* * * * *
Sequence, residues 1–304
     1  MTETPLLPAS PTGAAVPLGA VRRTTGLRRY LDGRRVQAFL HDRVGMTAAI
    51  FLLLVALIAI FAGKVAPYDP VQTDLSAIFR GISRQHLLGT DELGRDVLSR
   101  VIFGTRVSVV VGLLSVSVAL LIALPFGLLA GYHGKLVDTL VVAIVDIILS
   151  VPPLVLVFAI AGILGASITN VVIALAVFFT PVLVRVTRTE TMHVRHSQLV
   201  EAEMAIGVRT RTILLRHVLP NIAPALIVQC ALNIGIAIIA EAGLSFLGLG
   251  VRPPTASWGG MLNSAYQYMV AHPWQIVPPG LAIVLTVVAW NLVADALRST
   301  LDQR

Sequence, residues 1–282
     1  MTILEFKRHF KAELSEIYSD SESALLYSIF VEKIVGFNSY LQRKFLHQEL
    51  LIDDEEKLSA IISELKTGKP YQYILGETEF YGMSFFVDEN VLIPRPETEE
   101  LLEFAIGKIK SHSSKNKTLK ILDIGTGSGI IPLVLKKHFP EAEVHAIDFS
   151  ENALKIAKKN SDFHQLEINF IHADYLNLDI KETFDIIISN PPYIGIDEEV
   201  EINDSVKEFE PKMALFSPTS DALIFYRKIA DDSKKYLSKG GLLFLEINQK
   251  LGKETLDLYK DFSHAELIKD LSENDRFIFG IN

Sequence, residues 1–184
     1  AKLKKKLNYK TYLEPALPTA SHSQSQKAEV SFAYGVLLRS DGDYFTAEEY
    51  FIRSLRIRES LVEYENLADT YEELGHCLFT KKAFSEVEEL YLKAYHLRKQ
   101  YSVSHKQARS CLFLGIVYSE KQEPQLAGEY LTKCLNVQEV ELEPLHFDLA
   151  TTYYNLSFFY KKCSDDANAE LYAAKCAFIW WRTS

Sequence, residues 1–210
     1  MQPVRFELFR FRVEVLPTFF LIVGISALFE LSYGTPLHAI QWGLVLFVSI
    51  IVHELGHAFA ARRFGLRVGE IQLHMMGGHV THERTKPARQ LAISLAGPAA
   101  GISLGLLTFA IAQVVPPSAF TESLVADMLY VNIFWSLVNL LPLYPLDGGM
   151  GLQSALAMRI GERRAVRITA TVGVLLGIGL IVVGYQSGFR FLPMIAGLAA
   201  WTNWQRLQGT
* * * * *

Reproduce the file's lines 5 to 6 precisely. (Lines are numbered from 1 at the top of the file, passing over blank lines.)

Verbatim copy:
   151  VPPLVLVFAI AGILGASITN VVIALAVFFT PVLVRVTRTE TMHVRHSQLV
   201  EAEMAIGVRT RTILLRHVLP NIAPALIVQC ALNIGIAIIA EAGLSFLGLG